Helen nodded. Jake had been a bit flaky and had hated his father, but he was sweet and loved Quinn more than anything. She wished she could bring him back, too.
Now for the most disturbing question. “Why a sister?” Quinn was an only child.
Daria sighed. “Daria is Quinn.” Helen looked surprised, confused, then suddenly it made sense. Daria continued, “Quinn split her personality into someone she was before the abuse and someone who could deal with life after the abuse. Daria is more antisocial and cynical than the old Quinn, but from what we know, she looks like the real Quinn and has more of her personality and habits. The new Quinn is almost pure manifestations of qualities that she feels would’ve saved her or would help to avoid the same situation again. Every boy does what she tells him, they can’t control her. She’s popular, the more people around her the better chance someone would notice something wrong.” Daria paused, ”Often in abuse cases a second personality develops, one that can handle the abuse, in Quinn’s case the second personality came with a whole world she can deal with.” Seeing the question in Helen’s eyes she went on. “I think she gave her ‘sister’ my name because deep down she knows I’m trying to help her. In her mind, she often asks Daria for help with deeper issues.”
“Why does she call Daria her cousin? Why won’t she admit she’s her sister to her friends?” Helen remembered Dr. Griffin had mentioned Quinn frequently called her sister her cousin in the last session. They had just been giving her updates on what her daughter’s “life” was like. They hadn’t given her any reasons why it had happened until now.
“It may be her new self is ashamed that her old self allowed the abuse, even though she knew it was wrong. She goes back and forth between sister and cousin depending on the person she’s talking to and how she thinks they’ll react. Maybe if she resolves her victim’s guilt, she’ll admit Daria’s her sister, or even merge the two back together.”
“Does she talk to Daria often?”
“No. But occasionally she’ll “be” Daria and we can follow her life. We have hopes there. Daria seems to be on the path to a normal life. She has intimacy issues, which is understandable, but seems to be making progress. She has a friendship with a male who she doesn’t control but isn’t afraid of. It could be something to follow. She seems to be afraid to make it possible. She’s set up a number of ways to sabotage it. Best friend’s brother, much older, total opposite personality, we don’t know where that’s going.”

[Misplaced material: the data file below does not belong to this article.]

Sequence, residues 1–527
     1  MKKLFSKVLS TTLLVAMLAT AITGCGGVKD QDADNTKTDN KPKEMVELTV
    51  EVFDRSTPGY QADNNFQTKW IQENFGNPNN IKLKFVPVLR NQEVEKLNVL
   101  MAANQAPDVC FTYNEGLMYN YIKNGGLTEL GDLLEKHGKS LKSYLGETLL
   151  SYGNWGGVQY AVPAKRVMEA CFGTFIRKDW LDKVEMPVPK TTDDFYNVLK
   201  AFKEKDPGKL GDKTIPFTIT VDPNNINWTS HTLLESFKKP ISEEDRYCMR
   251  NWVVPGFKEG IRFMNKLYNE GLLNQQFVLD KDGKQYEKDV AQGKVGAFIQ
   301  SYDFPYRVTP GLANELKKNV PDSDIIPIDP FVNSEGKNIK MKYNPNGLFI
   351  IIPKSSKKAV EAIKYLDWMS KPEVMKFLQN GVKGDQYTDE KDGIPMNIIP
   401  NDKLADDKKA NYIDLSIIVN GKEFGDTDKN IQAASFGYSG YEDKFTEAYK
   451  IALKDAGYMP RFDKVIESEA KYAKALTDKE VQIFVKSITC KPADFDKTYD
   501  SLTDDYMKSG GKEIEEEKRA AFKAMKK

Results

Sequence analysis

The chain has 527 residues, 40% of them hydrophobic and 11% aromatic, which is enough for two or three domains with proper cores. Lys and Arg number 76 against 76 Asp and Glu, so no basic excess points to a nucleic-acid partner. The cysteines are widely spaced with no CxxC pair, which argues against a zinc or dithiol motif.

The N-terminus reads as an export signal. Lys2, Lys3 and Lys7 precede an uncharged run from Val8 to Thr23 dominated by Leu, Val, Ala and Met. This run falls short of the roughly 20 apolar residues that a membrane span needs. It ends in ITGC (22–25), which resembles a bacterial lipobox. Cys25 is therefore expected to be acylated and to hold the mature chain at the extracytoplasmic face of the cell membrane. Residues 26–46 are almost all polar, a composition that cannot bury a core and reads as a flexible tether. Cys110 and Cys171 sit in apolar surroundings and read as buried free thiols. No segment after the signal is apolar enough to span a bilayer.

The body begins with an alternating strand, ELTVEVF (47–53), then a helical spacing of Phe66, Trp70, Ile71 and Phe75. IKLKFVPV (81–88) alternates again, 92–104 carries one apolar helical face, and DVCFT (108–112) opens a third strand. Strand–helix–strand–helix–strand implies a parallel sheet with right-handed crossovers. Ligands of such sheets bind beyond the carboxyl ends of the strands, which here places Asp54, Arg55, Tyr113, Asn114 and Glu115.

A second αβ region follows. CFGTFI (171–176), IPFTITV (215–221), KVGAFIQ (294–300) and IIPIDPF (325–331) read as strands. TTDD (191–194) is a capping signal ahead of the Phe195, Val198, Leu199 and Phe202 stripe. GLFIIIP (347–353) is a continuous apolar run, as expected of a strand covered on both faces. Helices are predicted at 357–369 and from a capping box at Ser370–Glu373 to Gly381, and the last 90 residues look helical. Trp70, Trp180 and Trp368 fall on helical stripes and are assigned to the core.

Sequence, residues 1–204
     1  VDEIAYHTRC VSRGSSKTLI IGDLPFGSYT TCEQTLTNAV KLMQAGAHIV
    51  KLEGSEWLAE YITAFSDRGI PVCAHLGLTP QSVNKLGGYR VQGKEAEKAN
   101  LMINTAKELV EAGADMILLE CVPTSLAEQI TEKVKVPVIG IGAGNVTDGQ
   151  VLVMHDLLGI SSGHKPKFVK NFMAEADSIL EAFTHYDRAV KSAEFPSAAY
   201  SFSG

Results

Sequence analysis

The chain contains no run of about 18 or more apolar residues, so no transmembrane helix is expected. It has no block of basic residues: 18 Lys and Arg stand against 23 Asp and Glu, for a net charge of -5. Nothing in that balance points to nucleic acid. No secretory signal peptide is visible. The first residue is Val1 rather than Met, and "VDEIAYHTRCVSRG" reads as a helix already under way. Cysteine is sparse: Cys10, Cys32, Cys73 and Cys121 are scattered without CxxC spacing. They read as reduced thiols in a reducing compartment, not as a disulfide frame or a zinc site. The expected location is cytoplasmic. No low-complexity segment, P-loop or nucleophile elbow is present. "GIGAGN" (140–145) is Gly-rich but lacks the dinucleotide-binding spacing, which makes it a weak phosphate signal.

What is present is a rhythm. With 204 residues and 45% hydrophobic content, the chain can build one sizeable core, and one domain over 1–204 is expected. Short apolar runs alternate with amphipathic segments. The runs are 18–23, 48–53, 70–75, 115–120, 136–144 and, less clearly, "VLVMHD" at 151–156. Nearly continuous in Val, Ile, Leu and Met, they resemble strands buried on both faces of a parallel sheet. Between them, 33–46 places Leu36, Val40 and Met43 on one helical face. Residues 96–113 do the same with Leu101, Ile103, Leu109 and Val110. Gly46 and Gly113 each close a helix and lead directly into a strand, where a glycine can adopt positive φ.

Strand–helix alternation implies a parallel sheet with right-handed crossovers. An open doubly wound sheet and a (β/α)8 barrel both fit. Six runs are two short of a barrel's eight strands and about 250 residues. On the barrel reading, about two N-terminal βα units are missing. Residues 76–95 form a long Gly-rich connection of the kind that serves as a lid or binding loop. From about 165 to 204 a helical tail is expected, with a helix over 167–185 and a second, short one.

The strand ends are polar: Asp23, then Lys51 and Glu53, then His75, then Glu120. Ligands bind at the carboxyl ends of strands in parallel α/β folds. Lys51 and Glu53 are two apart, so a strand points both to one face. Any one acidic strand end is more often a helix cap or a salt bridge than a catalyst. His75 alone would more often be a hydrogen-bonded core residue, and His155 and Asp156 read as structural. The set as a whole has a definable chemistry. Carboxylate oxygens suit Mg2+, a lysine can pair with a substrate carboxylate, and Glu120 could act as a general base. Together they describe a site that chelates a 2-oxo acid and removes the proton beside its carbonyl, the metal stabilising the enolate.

“And Daria’s best friend? Jane? She sounds like Quinn’s old friends…” Helen’s eyes grew sad.
“That’s what we thought, too. She’s retained some ties to who she was.”
“So there’s no hope she’ll come back?” Helen looked defeated.
“There’s always hope. Maybe she’ll work through her issues using the world she’s created and come out of it. Maybe she’ll delve so deep we won’t even hear her conversations anymore, and live out her life in her mind. We can’t say. I’m sorry, Helen. We’ll keep you updated.”
“Thank you, doctor.”
Helen walked down the hall and looked through the window into her daughter’s room. Quinn was lying on the bed, staring at the ceiling, her mind lost in its fantasy life. “I’m so sorry Quinn.” At least I’m in there somewhere…
Author’s Notes: I thought this was a totally original idea, until I was about halfway through planning it out. Then I realized it was very similar to an episode of Buffy the Vampire Slayer I saw about a year ago. So I guess I should thank them for the inspiration.
I’m not a psychologist, but I have taken numerous psych classes in college and in trying to resolve some of my own issues have discovered interesting things about the human psyche. Victims of physical and sexual abuse do often create a second or even multiple personalities to escape the reality of the abuse or deal with possible future abuse (watch the movie “Sybil” it’s a true story and a good example). Some victims of violence cut all ties with reality in self-preservation and live completely in their heads. So, this story has some basis in reality.
There are some characters in “Daria” that I thought never really fit in the show. Tiffany for example, especially in the later episodes. She isn’t someone Sandi can really control (you have to be conscious for that) and doesn’t seem to have a function. She doesn’t move the plot along, provide comic relief or even provide an interesting counterpoint to anything. I’ve always wondered why no one can remember Jaime’s name. It’s not that unusual or complicated. This story had interesting solutions, I thought.
Did you catch who Dr. Daria Griffin was? Monique. I was going to put in that Quinn really wanted a nurturing male figure (Trent seems to be pretty good at caring about Jane) and Monique (another appearance of the doctor who’s trying to “control” her) was yet another obstacle preventing intimacy, but it seemed like it was getting too long. I had to explain Daria’s involvement with her own social circle, but Quinn’s immediate relationships needed to be more important. This is the same reason I left out Barch as a controlling man-hater and O’Neil as a weak male. The adult/teacher relationships were not important here.
Questions? Comments? Nutrition Information? Email me. I love feedback.
Copyright (sort of) Angelinhel April 2003.